Oakland mayor doesn’t support using tax dollars to keep Raiders

Oakland Raiders players run a drill during rookie minicamp May 8 in Alameda.

Oakland Raiders players run a drill during rookie minicamp May 8 in Alameda.

(Jeff Chiu / Associated Press)

Although she said last year she would “fight like hell” to keep the Raiders, Oakland Mayor Libby Schaaf is also vowing not to use public funds to prevent the franchise from leaving.

Speaking to the San Francisco Chronicle, Schaaf said spending taxpayer money to finance a new stadium for the Raiders doesn’t make sense considering the city is still picking up the tab for renovations it made to Oakland Coliseum in the 1990s. The city shelled out $200 million to renovate the stadium for the Raiders and Athletics, and the debt won’t be paid off until 2026.

“That money we’re paying now is general-fund money we could spend on police, parks or libraries,” Schaaf told the newspaper.

The Raiders are seeking public funds to help finance a $900 million Oakland stadium project. The team and the NFL have collectively lined up $500 million and are looking for the city and county to shoulder the remaining costs.

“We don’t have $400 million lying around,” Schaaf said.

Alameda County Supervisor Keith Carson echoed Schaaf’s stance on the issue, saying it doesn’t make sense to pay for a new stadium when taxpayers are still paying for the old one. Fellow Supervisor Nate Miley said he would consider using various forms of public money aimed at keeping the team in town.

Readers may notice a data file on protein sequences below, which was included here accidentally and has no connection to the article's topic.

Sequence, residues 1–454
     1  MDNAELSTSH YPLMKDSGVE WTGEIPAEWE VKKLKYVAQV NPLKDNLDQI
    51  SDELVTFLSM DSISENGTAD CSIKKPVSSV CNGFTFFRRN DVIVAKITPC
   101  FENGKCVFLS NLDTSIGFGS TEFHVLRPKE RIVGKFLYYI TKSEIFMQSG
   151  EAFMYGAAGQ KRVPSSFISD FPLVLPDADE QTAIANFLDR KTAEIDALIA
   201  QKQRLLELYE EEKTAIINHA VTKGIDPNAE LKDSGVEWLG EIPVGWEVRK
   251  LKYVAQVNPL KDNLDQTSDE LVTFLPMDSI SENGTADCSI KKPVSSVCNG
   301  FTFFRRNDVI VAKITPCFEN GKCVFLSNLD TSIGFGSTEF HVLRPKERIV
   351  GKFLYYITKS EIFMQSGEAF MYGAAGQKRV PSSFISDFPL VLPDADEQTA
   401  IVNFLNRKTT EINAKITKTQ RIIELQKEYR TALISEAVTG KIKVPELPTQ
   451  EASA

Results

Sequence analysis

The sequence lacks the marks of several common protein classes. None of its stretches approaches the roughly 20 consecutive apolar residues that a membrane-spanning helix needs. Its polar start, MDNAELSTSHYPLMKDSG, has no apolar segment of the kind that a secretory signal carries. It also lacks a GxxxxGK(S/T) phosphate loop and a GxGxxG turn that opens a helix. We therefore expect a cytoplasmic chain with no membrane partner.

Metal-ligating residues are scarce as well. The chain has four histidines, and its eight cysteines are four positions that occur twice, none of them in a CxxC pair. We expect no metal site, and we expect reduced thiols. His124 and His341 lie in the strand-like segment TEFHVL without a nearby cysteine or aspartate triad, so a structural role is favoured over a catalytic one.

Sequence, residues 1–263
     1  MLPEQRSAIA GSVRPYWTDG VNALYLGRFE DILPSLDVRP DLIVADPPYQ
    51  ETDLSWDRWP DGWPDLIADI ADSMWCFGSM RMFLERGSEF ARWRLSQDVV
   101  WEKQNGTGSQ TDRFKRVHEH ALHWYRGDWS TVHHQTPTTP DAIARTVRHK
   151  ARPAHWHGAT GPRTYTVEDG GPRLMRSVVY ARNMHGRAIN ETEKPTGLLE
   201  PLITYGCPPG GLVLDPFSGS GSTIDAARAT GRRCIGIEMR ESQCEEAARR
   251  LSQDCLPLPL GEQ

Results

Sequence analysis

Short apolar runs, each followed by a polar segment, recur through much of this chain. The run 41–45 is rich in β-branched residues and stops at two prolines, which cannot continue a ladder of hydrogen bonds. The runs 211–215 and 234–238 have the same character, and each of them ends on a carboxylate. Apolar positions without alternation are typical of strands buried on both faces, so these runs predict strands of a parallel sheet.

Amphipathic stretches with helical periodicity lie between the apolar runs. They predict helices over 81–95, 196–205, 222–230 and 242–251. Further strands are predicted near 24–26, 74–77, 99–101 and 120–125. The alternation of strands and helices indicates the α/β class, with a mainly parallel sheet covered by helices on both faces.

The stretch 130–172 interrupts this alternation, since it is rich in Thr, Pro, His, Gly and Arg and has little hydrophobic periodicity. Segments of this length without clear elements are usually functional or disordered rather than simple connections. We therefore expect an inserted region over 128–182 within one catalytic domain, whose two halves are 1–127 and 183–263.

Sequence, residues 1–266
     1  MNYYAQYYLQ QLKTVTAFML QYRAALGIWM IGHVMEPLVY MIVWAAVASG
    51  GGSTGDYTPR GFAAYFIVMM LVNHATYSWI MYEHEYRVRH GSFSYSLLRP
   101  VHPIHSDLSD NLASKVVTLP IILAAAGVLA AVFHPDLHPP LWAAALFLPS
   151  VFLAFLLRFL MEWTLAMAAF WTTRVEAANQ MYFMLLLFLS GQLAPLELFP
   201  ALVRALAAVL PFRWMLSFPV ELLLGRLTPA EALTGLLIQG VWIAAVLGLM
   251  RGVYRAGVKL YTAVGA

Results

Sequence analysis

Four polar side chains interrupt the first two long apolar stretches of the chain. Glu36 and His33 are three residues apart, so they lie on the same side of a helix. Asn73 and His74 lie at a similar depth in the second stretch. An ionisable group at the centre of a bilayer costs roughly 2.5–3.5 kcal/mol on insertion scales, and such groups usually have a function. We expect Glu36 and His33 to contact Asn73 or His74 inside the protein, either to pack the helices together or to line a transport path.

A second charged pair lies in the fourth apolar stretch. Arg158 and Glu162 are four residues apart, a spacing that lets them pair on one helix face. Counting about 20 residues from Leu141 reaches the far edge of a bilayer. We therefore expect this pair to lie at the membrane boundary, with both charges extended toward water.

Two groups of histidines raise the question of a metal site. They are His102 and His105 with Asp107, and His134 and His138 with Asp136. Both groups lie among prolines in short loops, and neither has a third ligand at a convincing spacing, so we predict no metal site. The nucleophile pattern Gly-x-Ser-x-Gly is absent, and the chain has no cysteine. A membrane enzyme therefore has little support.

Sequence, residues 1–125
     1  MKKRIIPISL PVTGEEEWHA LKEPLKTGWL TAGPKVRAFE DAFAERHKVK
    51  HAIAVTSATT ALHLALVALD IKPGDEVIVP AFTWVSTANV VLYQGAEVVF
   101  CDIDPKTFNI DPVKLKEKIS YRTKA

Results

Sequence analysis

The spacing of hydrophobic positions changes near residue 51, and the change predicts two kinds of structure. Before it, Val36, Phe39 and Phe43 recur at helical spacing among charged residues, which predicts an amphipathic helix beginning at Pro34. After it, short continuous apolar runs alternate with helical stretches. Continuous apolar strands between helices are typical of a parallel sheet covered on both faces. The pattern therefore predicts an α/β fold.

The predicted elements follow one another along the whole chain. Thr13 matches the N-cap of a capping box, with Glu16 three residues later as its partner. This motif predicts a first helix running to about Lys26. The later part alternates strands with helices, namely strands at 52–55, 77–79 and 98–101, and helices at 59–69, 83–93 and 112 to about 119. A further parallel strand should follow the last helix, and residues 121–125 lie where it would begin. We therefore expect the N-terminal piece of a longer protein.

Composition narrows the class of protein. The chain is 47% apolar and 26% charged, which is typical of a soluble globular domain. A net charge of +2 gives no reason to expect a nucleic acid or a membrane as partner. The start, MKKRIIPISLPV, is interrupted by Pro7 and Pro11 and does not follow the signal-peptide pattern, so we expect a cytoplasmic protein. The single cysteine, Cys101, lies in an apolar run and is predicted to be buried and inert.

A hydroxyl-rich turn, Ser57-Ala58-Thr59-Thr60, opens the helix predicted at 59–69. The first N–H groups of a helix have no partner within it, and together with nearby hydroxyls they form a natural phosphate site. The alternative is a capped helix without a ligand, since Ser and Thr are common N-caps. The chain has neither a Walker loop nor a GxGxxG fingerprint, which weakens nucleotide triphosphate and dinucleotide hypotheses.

As for Schaaf, the only public money she would consider using would involve funds for transportation and upgrading the stadium’s land, she said. She believes a new stadium for the Raiders should be privately financed.

In February, the Raiders and San Diego Chargers announced plans for a $1.7-billion joint stadium project in Carson. Shortly after the announcement, Raiders owner Mark Davis said keeping the team in Oakland was his top priority.

Davis told reporters at the NFL owners’ meetings last week that the team is finally starting to talk with Oakland and Alameda County leaders, but didn’t seem optimistic about reaching a deal. He indicated time is running short on crafting a viable plan to keep the Raiders from moving.

“Let the people at the city and county know what you want done,” Davis told a group of Raiders fans at the owners’ meetings in San Francisco on May 19. “You’ve got a willing partner here. But you’ve got to do it quick, man, that’s all I’ve got to say.”

Times staff writer Sam Farmer contributed to this report.